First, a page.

Slowing economy will hamper China’s global Belt and Road program

OTTAWA, Ontario (April 22, 2022): As countries on every continent grapple with inflation, broken supply chains and soaring energy prices, a new MLI document says even the Chinese juggernaut’s economy will face a slowdown that could threaten Beijing’s plans to become the world’s leading superpower.

In “Economic Headwinds and Risk of Slower GrowthLead researcher Stephen Nagy provides an updated look at China’s economic outlook as it deals with its own domestic issues while adapting to a changing global geopolitical landscape.

Nagy uses China’s Belt and Road Initiative (BRI) as a barometer to gauge the impact of economic and political challenges on the regime’s mission to replace the United States as the world’s dominant political and military power.

Beijing argues that its BRI – Chinese President Xi Jinping’s flagship policy program – is designed to help developing countries fund the construction of railways, power plants, airports and other major infrastructure. Critics call it a strategic debt trap that has left many developing and cash-strapped countries saddled with huge debts they have no hope of repaying, while allowing China to further exploit natural resources and establish military outposts around the world.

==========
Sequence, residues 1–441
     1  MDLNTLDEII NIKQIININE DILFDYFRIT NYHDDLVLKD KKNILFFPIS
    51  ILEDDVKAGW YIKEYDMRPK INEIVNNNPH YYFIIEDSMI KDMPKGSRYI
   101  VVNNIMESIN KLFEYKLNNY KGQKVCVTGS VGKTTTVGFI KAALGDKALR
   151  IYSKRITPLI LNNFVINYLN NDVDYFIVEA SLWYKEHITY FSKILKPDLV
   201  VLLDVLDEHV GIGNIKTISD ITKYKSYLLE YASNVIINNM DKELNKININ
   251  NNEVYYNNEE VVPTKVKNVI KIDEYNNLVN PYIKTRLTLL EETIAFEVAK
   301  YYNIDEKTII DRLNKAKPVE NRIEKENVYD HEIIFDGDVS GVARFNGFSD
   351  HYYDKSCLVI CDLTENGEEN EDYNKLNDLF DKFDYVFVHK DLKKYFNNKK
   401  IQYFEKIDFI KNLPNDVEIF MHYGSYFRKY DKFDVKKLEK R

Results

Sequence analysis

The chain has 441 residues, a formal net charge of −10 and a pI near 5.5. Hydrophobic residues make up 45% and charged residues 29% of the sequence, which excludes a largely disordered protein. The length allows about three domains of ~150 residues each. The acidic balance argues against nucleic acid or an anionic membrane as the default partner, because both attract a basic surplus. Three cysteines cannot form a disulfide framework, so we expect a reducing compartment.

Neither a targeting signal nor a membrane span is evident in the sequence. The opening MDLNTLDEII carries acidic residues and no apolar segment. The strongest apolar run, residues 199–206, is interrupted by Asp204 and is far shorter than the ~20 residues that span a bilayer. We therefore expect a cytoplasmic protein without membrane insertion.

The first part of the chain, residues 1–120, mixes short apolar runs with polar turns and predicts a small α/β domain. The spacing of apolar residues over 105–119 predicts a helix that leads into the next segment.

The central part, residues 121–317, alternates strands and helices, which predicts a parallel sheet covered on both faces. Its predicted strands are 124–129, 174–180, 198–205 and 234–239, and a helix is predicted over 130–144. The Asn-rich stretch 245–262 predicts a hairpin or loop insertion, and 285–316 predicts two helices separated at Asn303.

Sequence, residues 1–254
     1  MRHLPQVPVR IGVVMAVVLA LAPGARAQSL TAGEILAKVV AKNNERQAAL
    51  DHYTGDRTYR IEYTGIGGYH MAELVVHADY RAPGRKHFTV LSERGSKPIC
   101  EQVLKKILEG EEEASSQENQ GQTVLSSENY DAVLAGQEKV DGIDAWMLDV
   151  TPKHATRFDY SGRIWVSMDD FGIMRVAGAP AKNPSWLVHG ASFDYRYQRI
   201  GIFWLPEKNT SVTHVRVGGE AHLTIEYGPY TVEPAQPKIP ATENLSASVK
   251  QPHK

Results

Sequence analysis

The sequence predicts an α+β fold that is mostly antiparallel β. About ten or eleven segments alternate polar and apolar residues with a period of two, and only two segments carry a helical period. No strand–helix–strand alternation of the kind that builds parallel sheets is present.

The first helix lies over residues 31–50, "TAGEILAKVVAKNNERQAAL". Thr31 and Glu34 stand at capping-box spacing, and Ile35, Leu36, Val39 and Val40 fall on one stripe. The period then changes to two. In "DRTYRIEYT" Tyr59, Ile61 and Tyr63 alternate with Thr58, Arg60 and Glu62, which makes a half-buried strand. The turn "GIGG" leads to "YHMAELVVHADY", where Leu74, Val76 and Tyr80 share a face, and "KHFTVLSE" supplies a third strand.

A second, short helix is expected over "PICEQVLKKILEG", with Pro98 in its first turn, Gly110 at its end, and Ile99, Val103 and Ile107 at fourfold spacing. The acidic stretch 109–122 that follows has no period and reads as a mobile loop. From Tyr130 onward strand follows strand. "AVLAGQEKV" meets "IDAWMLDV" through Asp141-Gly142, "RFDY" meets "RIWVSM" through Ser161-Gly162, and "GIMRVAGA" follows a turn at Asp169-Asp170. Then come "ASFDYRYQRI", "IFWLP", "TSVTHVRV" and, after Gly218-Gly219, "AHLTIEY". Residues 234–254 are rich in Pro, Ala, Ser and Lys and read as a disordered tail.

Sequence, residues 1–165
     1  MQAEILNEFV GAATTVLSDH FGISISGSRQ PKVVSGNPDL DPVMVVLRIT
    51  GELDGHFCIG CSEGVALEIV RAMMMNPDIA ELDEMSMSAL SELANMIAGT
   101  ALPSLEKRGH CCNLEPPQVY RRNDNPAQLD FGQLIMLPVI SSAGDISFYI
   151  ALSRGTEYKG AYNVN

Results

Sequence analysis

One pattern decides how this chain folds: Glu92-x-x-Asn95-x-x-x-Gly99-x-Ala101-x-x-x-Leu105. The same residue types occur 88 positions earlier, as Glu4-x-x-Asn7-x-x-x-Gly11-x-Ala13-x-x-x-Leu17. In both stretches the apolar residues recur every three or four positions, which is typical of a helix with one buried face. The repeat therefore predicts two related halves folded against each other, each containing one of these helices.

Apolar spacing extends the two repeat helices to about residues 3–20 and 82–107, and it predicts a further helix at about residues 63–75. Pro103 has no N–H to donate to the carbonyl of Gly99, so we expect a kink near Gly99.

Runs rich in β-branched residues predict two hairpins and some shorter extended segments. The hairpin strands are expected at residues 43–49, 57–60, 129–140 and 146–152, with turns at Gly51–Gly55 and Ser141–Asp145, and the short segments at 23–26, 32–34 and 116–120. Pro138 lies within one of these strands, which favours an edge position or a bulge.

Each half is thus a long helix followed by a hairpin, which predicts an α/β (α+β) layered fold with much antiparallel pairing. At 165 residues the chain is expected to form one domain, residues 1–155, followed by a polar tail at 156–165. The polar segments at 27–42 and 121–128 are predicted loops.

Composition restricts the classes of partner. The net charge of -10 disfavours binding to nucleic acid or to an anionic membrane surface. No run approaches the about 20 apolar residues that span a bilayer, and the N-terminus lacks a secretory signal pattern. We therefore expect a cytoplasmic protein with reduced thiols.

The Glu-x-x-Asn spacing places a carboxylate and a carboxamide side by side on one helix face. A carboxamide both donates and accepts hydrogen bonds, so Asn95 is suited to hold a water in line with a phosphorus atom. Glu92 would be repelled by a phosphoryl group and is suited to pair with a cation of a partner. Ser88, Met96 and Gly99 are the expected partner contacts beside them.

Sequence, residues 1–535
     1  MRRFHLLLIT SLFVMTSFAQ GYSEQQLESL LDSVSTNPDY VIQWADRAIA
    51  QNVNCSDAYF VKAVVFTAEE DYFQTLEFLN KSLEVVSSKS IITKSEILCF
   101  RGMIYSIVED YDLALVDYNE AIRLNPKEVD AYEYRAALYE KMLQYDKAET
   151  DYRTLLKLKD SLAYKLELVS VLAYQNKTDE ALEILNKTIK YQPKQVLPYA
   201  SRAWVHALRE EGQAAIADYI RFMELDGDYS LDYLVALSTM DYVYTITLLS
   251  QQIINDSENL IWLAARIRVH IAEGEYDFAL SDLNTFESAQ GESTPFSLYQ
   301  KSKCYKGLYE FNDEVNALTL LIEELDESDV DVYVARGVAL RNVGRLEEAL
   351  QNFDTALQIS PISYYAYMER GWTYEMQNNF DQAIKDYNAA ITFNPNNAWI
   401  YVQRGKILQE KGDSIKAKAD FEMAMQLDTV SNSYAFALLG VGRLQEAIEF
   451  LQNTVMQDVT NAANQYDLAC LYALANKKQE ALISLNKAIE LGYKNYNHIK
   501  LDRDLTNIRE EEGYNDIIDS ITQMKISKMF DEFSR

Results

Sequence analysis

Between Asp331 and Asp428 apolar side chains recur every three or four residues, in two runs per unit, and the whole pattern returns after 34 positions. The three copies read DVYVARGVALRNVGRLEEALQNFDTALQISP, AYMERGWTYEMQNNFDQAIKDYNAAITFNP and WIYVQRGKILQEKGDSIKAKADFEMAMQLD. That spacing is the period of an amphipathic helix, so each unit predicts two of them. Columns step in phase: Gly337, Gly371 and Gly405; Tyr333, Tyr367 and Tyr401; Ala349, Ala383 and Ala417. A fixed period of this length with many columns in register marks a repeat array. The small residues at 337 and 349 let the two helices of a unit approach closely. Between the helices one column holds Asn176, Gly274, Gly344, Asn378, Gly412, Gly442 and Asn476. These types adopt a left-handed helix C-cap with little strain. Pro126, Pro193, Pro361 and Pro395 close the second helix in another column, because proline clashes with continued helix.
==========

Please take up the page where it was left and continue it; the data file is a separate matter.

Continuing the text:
According to these critics, the BRI is a tool of economic influence over weaker partner countries that helps advance China’s crusade for global supremacy, allowing it to supplant traditional international financial institutions while creating tensions between members of Western alliances.

Nagy argues that a series of converging factors, including pressures that undermine Beijing’s ability to maintain funding levels for the trillion-dollar program, limit the BRI and its effectiveness in helping China achieve its international agenda. .

“Structural issues, geopolitical tensions, the COVID-19 pandemic and now the Ukrainian-Russian conflict will all contribute to downward pressure on the Chinese economy,” Nagy writes. “This will limit the resources that can be deployed in the BRI as a geoeconomic instrument to achieve China’s strategic national goals.”

Plus, BRI is no longer the only game in town. As nations become more wary of the political strings attached to China’s economic development offers, new international aid programs backed by countries like the United States, Japan, Australia and India mean that countries now have more alternatives than simply agreeing to join China’s BRI.

Nagy concludes that the economic headwinds facing China will affect the trajectory and influence of the BRI in the years to come.

“Going forward, China will be less able to use the BRI as a tool to reshape the Indo-Pacific region into an architecture better suited to its geopolitical preferences.”

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Stephen R. Nagy is Senior Associate Professor at Tokyo International Christian University and Senior Fellow at the Macdonald-Laurier Institute.

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